Comments - Please in order to comment.

  • Jon Quirk says:

    The judgement supports the view that Eskom is not in fact an SOE, run according to normal rules and regulations applicable to all enterprises, but is rather an extension of Government and the social engineering they are seeking to impose, irrespective of whether such is actually affordable.

    In law, and in common sense, the minority judgement is indubitably the only correct legal decision. Eskom can never perform satisfactorily if it remains a plaything of Government and the unions – a place where all must be provided with electricity, irrespective of whether they actually pay, and Eskom must pander to the unions and employ far too many, far too many under skilled, and at far to high levels of remuneration.

    This judgement lays bare the real issues in Eskom, and they lie in Luthuli House and not Maxwell Drive.

  • Joe Soap says:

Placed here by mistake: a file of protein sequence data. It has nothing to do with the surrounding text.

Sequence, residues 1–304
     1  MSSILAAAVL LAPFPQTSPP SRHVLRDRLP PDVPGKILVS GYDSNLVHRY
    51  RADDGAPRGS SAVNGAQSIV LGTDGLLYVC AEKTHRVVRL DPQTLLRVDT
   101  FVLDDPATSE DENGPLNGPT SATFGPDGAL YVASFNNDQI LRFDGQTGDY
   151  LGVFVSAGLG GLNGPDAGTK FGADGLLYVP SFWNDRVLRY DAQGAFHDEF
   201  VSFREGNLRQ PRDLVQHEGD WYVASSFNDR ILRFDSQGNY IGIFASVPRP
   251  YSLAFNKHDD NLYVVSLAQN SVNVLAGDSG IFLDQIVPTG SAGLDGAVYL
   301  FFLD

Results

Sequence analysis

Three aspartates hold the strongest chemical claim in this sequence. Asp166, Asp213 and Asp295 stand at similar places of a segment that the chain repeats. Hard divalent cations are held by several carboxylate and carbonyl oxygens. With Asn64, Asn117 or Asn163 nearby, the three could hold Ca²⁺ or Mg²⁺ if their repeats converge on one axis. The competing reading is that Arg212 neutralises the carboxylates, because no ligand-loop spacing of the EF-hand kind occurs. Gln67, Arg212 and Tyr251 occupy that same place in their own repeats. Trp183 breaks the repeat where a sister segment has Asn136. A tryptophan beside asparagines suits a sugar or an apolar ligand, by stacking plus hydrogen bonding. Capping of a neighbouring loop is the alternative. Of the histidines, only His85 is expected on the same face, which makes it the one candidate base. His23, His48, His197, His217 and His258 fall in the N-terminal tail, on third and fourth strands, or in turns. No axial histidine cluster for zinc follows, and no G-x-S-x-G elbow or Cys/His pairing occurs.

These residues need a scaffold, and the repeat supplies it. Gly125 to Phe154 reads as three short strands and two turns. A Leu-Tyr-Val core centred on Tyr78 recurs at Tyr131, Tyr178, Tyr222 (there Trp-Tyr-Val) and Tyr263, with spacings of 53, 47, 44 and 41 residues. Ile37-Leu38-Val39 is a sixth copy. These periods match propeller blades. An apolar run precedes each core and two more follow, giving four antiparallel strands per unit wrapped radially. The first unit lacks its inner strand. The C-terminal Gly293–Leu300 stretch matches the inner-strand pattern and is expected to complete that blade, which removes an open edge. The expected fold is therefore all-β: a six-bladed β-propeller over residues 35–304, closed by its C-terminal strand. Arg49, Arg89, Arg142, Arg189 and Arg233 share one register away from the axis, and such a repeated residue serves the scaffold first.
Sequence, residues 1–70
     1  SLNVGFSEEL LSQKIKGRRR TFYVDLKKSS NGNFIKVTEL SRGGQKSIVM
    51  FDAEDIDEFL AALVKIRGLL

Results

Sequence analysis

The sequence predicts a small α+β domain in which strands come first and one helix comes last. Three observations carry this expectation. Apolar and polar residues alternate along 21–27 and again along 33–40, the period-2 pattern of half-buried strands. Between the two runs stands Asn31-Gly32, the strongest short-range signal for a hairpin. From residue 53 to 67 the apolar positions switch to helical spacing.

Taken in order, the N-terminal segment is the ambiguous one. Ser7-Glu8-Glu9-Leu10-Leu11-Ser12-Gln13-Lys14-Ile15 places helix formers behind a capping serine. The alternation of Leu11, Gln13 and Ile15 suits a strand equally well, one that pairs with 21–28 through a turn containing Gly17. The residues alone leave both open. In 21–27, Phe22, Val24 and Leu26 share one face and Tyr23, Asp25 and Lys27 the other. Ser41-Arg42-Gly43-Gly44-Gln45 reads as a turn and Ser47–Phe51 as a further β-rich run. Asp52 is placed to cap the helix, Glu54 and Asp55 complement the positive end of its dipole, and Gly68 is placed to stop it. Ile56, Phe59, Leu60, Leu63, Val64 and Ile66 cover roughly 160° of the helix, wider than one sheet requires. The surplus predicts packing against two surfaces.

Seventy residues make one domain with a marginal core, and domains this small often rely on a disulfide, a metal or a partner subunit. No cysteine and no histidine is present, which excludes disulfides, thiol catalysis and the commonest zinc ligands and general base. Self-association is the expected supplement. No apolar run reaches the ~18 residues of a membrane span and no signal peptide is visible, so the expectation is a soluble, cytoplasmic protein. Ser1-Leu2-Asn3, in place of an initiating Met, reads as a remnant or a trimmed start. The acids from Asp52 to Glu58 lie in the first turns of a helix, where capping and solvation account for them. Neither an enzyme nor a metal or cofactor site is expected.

“The high court held that sufficient electricity supply is inextricably linked to the rights to healthcare, food, water and social security; hence, the residents had a prima facie right that deserved protection.” – Sounds like we can all take Eskom to court for violating our human rights.

  • Johan Buys says:

    If you take this outside Eskom:Council:Consumer relationship it implies that if a refuse removal company has a contract with a council and council breaches the contract by nonpayment, the refuse removal company cannot stop collecting refuse without consulting with the residents. What next? If I sell widgets to PnP and they don’t pay, I must consult with PnP clients before cancelling supply of widgets when PnP does not pay?

  • Tim Price says:

    An emotional judgment by the majority that fails the test of logical legal reasoning. The ruling kleptocracy won’t take heed. Legal certainty went out of the window and down the line this kind of judgment will come back to bite. Unterhalter got it right. All the CC did was put a plaster on the problem and permit the voting public, who no doubt put the ANC kleptocrats in power, to avoid the consequences of their poor decision making.

  • Roelf Pretorius says: